Water quality concerns in Pinellas County

This summer's abnormal rainfall might impact the Labor Day weekend plans of some Tampa Bay area residents. 

"When we get a lot of storm water running off, it's best to assume that any water body may have something in it that you don't want on your person," Pinellas watershed manager Kelly Levy told FOX 13. "You've got pet waste, you've got [road] oil, pesticides, herbicides, we've had a lot of sanitary sewer overflows with all of the excess rain that we've had... and if that storm water came in contact with any of those, things it washed down the storm drain and into your nearest water body."

Levy was responding to a question raised by a FOX 13 viewer who lives on Rock Lake in Odessa.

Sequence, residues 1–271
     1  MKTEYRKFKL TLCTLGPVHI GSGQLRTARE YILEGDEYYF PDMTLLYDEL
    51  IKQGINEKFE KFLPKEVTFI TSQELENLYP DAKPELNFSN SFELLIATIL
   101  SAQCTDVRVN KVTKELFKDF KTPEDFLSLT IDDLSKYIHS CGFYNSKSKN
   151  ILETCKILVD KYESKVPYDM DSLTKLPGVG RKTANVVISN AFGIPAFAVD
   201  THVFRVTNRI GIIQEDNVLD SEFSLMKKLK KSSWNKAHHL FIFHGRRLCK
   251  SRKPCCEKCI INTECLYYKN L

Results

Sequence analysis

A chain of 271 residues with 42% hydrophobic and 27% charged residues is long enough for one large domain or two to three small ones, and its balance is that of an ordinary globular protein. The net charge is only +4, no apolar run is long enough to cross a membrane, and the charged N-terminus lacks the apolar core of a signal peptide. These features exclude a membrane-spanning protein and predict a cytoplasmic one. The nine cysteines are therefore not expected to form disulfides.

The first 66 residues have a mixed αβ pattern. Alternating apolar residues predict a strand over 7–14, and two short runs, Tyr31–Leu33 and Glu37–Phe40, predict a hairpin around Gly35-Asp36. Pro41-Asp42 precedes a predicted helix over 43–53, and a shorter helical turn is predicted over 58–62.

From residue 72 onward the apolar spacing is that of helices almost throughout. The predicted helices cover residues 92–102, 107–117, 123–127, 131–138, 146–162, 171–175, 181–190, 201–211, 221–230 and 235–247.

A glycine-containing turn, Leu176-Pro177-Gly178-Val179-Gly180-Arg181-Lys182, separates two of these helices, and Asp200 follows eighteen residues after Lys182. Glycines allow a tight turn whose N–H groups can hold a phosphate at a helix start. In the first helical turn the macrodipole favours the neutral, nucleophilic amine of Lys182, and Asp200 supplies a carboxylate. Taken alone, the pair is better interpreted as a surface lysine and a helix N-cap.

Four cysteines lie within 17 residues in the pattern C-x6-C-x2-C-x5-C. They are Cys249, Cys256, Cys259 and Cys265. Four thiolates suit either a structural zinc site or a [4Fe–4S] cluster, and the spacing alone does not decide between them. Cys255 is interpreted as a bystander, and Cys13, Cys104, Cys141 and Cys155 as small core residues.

"My family wants to enjoy our lake this Labor Day weekend,” inquired a FOX 13 viewer. "Is it safe or dangerous? Are our lakes contaminated?"

County health departments routinely check the water quality of some larger lakes and some local beaches, and post health advisories as necessary. However, most smaller lakes, streams and other bodies of water are not checked regularly, leaving the decision to get wet or stay dry to the consumer. 

"It's a closed system -- the only water feeding Lake Seminole is what runs into it," said Levy who explained she personally visits Pinellas County's Lake Seminole almost every weekend, and even though it is monitored regularly.

People were water skiing and kayaking on Lake Seminole Monday, and Levy suspected the lake will be heavily used this holiday weekend. She advised using goggles, ear plugs and nose plugs. Exposing opens cuts or wounds to even "clean" natural waterways also poses health risks.